God’s Word for You
Acts 27:5-7 Out of our hands
by Pastor Timothy Smith on Wednesday, February 24, 2021
5 We sailed across the open sea down along Cilicia and Pamphylia, and we put in at Myra in Lycia. 6 The centurion found an Alexandrian ship there sailing for Italy, and he sent us on board. 7 For many days we had slow sailing, and we had difficulty arriving off Cnidus. When we could not go any farther because of the wind we sailed to the lee of Crete along Salmone.
This passage is the historical account of Paul’s voyage from Asia Minor to Crete. Luke recalls the events as an eyewitness, but the Holy Spirit uses Luke’s travelogue to proclaim three things: (1) A warning to ships’ masters (and other pilots and drivers) to put the safety of their passengers above greed or the desire to earn a bonus, (2) a comfort to Christians to trust in God when matters are effectively out of our hands, and (3) a gospel comfort that God works out all things for the good of his people.
Open navigation on the Mediterranean was inadvisable (and rarely possible) after mid-November until spring. For about ten weeks prior to that (August, September and the first two weeks of November) ships tried to finish their last run of the year and find a safe harbor in which to weather the gales of winter.
Verse 5 recalls the voyage along the coast of Asia Minor. The little coaster would have taken about two weeks to make this voyage. Myra on the border between Pamphylia and Lysia was the last harbor that offered any protection against westerly winds. The port at Myra (Andriake) was one of the chief ports in the Imperial grain service. It was at this harbor that Julius saw a big Alexandrian grain ship bound for Italy and used his credentials to transfer Paul and the other prisoners and passengers. He was one of the officers in charge of the grain shipments from Egypt into the Empire, and he may have been expecting a ship just like this one to be somewhere along the route they were taking.
It might have been safer to have stayed with the small coaster, since its captain would not have bet the safety of his ship over against the uncertain weather. But the Centurion Julius wanted to get to Rome.
The big cargo ship moved further west to Cnidus, but Luke reports that they had difficulty there, and they may not even have dropped anchor. Instead, they made the only run open to them against the westerly winds, which was south to the eastern coast of Crete. There is a long bay there once called Salmone. Luke says that they sailed “in step” (Greek kata) with this bay, which probably means that they crept alongside the coast while the winds appear to have changed dramatically.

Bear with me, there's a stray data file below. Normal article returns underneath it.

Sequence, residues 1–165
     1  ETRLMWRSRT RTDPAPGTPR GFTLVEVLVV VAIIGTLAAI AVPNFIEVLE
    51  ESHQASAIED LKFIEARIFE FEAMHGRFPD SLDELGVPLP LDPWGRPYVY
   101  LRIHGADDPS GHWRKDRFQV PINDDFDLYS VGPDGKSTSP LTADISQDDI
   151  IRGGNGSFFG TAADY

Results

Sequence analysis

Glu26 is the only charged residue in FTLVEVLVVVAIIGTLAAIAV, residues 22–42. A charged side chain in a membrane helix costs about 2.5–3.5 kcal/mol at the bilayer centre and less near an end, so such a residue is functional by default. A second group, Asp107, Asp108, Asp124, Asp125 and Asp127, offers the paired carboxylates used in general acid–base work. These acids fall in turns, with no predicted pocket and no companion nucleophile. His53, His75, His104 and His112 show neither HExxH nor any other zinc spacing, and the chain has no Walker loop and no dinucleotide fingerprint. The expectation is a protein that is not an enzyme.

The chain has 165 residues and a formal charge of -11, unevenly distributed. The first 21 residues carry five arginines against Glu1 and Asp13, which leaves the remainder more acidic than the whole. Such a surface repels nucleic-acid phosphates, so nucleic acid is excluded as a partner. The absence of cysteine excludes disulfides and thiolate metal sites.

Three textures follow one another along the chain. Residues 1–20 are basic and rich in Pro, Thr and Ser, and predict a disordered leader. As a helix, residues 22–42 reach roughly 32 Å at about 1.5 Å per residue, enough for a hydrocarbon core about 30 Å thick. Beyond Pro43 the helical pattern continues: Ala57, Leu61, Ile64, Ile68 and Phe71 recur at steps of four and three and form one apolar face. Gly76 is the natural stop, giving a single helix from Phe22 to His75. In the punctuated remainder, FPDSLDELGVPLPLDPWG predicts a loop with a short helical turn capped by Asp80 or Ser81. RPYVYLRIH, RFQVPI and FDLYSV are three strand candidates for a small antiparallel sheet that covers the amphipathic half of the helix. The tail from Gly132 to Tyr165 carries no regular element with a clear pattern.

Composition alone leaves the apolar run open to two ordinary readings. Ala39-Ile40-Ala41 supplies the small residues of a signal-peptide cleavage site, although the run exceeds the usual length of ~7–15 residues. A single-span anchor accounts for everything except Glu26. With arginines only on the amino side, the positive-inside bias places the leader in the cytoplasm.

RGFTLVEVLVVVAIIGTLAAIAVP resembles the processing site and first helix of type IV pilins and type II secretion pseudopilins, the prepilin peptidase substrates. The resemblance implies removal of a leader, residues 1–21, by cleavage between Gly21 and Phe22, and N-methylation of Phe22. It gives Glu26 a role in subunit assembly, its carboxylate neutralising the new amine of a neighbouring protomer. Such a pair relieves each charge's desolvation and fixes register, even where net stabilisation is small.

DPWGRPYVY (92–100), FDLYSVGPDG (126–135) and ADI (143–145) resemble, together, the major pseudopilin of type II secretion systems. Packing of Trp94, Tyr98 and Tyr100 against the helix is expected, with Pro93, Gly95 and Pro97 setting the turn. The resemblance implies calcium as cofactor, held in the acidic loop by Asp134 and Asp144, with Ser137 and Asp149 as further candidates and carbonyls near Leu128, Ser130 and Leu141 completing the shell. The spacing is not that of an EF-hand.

Meteorologists familiar with the central Mediterranean report that it is typical for a low pressure system to pass from west to east through the region followed by a severe stormfront to come out of the northeast, down the Aegean past Greece toward the northwest African coast. This was in process of taking place at this very moment as Paul and his companions were about to find out.
Some readers might be quick to judge the scene: Why would they imperil themselves, why not find a safe harbor? Why run the risk? We in the northern Midwest have all made similar decisions about going out in snowstorms. And it should also be said that not all ships bear up the same in a storm. A wide beam, a shallow draft, or fragile sails can all play a part in how poorly a vessel will handle once it’s out to sea. “When the sea was calm all boats alike showed mastership in floating” (Shakespeare, Coriolanus 4:1). But the weather is in the hands of God. “The LORD spoke and stirred up a tempest that lifted high the waves” (Psalm 107:25). “His thunder announces the coming storm” (Job 36:33). But as we pointed out above, when we have no control over the weather or our circumstances, we need to trust in the Lord and leave things in his hands. “The Father loves the Son and has placed everything in his hands” (John 3:35). That includes our safety and our well-being. “In God I trust, I will not be afraid” (Psalm 56:11). His eyes are always on us. He does not forget us. His mercy endures forever.
Pastor Timothy Smith